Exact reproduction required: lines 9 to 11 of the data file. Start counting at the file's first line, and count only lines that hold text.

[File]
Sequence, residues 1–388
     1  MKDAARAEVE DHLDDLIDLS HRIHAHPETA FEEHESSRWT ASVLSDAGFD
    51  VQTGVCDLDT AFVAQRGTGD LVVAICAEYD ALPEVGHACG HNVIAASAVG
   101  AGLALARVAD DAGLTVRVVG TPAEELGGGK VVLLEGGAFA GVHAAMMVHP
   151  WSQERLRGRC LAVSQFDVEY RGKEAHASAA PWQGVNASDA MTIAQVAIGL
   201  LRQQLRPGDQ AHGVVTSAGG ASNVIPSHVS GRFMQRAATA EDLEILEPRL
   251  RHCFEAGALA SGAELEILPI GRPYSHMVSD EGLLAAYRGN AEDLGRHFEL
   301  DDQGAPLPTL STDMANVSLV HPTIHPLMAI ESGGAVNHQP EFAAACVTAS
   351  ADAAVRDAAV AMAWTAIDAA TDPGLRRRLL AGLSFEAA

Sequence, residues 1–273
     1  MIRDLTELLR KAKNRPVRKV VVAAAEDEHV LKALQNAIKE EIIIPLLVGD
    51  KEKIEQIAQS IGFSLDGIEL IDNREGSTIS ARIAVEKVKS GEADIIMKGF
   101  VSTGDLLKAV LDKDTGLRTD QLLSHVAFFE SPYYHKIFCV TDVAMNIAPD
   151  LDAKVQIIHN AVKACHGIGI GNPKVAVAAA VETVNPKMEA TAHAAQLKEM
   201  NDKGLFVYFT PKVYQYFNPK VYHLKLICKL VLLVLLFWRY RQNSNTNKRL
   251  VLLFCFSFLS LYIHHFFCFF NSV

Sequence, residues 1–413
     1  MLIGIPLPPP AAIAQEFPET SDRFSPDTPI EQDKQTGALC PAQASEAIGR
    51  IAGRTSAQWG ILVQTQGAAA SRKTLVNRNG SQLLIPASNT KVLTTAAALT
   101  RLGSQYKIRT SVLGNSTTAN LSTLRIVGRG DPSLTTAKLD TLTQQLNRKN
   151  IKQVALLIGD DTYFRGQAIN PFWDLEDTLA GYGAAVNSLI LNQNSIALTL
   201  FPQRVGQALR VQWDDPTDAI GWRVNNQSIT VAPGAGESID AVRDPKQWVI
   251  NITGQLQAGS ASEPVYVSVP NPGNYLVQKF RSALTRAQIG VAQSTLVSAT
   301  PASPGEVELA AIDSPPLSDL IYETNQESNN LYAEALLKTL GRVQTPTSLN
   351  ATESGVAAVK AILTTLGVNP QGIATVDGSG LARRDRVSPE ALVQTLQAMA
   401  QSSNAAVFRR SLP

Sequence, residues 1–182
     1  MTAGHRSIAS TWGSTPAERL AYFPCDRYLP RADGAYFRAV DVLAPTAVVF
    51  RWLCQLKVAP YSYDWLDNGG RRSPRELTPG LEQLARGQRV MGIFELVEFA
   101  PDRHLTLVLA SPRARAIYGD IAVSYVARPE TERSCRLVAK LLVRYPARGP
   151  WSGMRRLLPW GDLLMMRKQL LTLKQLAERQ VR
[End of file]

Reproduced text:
   351  ADAAVRDAAV AMAWTAIDAA TDPGLRRRLL AGLSFEAA

Sequence, residues 1–273
     1  MIRDLTELLR KAKNRPVRKV VVAAAEDEHV LKALQNAIKE EIIIPLLVGD